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Two videos appeared recently, each a design manifesto for two competing technology giants; Apple and Google. Each espouses perhaps and end to modernist design with its call for simplicity, cleanliness, and minimalism. This is not to say these values are no longer applicable to contemporary design, they’ve just been subsumed under a higher category, a higher goal, a higher calling.

Apple debuted its video at its World Wide Developer Conference where the show was stolen by new product development announcements and most importantly the new iOS7 with its turn from skeuomorphism into a flatter, cleaner look. The video appeared first in the agenda, as the lights went down, the cheers rose and the electricity was palpable. And rather than start off with a bang, as a band would do at a concert, Apple started with a whisper, a touchy-feely moment.

The video is called Intention and, at only a minute and a half, is a very high level intimate view into their new design philosophy. It asks:

“What do we want people to feel? Delight. Surprise. Love. Connection.”

Apple_intention.JPG

We probably all believe that design can exist primarily for human use, but this statement is something else altogether. It makes human use sound a bit dirty; merely utilitarian. No, Design exists to evoke particular emotions; delight, surprise, love and connection. These four categories are the first step in a design brief; these are what the outcome is measured against. This is emotion-based design. It does not start off as utilitarian; it is not grounded in aesthetics.

The video is meant to be emotive and inspiring, and it is. It’s also beautiful. In its first 10 days on YouTube, it has been viewed 446,995 times.

A month prior to Apple’s WWDC, Google held its own event; Google I/O. One of its sessions was titled Enchant, Simplify, Amaze: Android’s Design Principles. Clocking in at 45 minutes, it is longer than Apple’s TV commercial length declaration, but delivered in a TED style format, and learning from Steve Jobs’ presentation skills, it is well worth every minute, although the schmaltzy, if not girly, imagery teeming with happy children and cats does get in the way.

The Android Design Team Vision:

  1. Enchant me
  2. Simplify my life
  3. Make me amazing

But, rather than present it as their vision, it is phrased in the first person; it is presented as the vision users have for Android. The vision itself is phrased from a user perspective and based on significant research. This vision has yielded 17 design principles.

  1. Enchant me

    • Delight me in surprising ways

    • Real objects are more fun than buttons and menus

    • Let me make it mine

    • Get to know me

  2. Simplify my life

    • Keep it brief

    • Pictures are faster than words

    • Decide for me but let me have the final say

    • Only show what I need when I need it

    • I should always know where I am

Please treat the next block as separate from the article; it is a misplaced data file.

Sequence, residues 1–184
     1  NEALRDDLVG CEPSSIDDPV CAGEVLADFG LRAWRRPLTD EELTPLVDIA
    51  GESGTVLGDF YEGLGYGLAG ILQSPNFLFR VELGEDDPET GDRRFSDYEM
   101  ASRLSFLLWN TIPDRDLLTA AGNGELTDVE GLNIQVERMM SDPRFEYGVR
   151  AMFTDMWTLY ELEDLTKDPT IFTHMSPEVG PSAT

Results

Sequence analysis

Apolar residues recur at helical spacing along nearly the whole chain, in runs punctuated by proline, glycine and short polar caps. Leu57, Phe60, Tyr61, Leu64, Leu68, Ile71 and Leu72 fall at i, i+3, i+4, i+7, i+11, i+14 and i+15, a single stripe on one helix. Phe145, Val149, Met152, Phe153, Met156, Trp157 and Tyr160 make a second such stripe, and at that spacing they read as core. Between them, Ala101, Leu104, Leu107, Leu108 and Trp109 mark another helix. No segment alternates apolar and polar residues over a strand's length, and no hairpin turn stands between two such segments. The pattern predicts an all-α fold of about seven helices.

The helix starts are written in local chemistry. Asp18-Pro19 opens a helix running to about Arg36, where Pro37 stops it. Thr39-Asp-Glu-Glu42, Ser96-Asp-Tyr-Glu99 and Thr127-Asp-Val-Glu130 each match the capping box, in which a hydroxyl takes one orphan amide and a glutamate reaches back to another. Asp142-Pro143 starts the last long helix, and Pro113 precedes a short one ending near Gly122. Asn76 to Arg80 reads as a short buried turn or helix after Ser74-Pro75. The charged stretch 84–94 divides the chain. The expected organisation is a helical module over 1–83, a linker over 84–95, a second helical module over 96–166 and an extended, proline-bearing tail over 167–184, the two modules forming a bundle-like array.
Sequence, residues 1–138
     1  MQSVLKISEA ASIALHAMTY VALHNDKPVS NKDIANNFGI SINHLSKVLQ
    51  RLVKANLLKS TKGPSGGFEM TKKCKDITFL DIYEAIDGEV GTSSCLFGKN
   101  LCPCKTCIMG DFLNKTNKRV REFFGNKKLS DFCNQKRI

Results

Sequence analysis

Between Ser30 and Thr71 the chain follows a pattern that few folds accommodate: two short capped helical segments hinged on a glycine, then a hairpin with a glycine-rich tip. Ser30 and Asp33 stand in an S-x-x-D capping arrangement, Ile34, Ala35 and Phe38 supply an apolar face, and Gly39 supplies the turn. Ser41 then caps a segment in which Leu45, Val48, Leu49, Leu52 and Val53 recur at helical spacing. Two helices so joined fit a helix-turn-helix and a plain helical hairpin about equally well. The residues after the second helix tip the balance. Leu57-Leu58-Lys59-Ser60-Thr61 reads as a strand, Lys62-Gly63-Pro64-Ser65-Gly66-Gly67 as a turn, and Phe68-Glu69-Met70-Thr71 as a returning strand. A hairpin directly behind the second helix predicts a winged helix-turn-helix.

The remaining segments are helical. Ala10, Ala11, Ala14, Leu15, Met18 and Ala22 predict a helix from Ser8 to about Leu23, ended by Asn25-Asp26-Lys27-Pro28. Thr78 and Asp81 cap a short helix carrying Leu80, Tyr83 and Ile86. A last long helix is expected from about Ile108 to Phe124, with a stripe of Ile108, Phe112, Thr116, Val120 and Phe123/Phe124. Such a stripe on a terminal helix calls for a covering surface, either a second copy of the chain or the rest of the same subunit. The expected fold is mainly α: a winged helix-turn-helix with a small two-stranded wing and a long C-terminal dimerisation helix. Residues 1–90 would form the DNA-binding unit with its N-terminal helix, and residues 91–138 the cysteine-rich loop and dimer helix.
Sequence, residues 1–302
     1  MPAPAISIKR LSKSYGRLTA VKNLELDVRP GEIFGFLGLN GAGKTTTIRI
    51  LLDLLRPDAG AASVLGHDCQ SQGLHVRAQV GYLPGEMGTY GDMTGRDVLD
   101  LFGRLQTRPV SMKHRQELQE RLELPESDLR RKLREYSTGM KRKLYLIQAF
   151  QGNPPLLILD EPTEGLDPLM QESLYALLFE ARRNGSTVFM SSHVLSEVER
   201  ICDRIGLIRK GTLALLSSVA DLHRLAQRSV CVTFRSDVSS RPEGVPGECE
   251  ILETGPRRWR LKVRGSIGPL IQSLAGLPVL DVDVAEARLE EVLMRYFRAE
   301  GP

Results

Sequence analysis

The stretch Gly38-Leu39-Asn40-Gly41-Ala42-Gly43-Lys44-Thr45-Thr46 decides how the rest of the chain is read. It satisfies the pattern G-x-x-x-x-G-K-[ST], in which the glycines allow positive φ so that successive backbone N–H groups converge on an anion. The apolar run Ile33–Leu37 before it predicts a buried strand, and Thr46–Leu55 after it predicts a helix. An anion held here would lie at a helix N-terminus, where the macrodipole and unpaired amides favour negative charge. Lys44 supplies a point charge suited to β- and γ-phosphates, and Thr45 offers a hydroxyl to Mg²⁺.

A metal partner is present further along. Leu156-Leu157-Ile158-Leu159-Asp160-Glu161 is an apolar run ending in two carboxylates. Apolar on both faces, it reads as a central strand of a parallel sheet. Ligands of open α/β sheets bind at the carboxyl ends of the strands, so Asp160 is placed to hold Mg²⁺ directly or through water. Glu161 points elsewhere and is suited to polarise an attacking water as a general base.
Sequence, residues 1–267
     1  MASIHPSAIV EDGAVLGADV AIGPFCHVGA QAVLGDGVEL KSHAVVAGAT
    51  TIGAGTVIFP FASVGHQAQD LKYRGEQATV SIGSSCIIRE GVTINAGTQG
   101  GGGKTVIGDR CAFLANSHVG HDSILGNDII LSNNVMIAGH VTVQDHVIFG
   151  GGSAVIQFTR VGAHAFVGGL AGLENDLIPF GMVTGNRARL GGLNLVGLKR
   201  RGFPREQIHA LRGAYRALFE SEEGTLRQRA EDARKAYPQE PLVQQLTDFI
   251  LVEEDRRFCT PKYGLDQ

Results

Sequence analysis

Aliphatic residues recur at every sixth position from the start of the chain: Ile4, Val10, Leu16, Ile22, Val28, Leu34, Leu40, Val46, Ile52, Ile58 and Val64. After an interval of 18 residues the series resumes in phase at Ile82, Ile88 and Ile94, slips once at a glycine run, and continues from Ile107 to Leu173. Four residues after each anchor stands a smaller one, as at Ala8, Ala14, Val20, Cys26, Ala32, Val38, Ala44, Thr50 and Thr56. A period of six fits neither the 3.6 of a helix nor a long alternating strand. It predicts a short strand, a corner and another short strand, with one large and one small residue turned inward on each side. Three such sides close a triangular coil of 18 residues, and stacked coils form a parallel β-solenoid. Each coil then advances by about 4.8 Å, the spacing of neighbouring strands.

• Never lose my stuff

    • If it looks the same it should act the same

    • Only interrupt me if it’s important

  3. Make me amazing

    • Give me tricks that work everywhere

    • It’s not my fault

    • Sprinkle encouragement

    • Do the heavy lifting for me

    • Make important things fast

Android performed a yearlong baseline study, following daily diaries of users, making in-home visits and interviews paying close attention to users emotional responses. They consulted various bodies of psychological research, which focused on marriage, work group research as well as studies into emotion. They discovered a Magic Ratio of positive to negative emotions that predict the long-term viability of a marriage, successful work groups, and a general sense of emotional well being. It was learned that every negative emotion needs to be offset by at least three positive emotions in order for a relationship to succeed, and they applied this ratio to their design principles.

positive to negative ratio.JPG

Of course, the goal of Android design is to eliminate all possible negative emotional reactions. But simply balancing out a negative with a positive does not work. We are all familiar with the principle of an eye for an eye and tit-for-tat. We believe there is whereby you can correct a misdeed with a good one. Christianity is even more liberal; you can correct a lifetime of evil deeds with the singular act of accepting Christ as your savior.

But interface design is different. According to Google, you would need at least three positive reactions to simply counter one negative. Each of the design principles listed above would count as one positive emotional reaction, and to supply a delightful user experience, any flaw would need 3 positive experience to just break even, that is, evoke a neutral response. You need 4 or more to get into the positive zone,a very high bar.

Now, no developer/designer seeks to provide their audience with a miserable experience. Everyone heralds his or her designs as clean, modern and easy to use. Everyone claims delight as his or her territory. Making such claims is easy, delivering on them is another story, and Google doesn’t just make the claim, but backs it up with strictly defined guiding principles that can be used as an assessment tool. This is a very comprehensive system that merits the attention of any user interface designer. More importantly, it signifies a shift in design thinking altogether. Emotion-based design is a new category of thinking about design.

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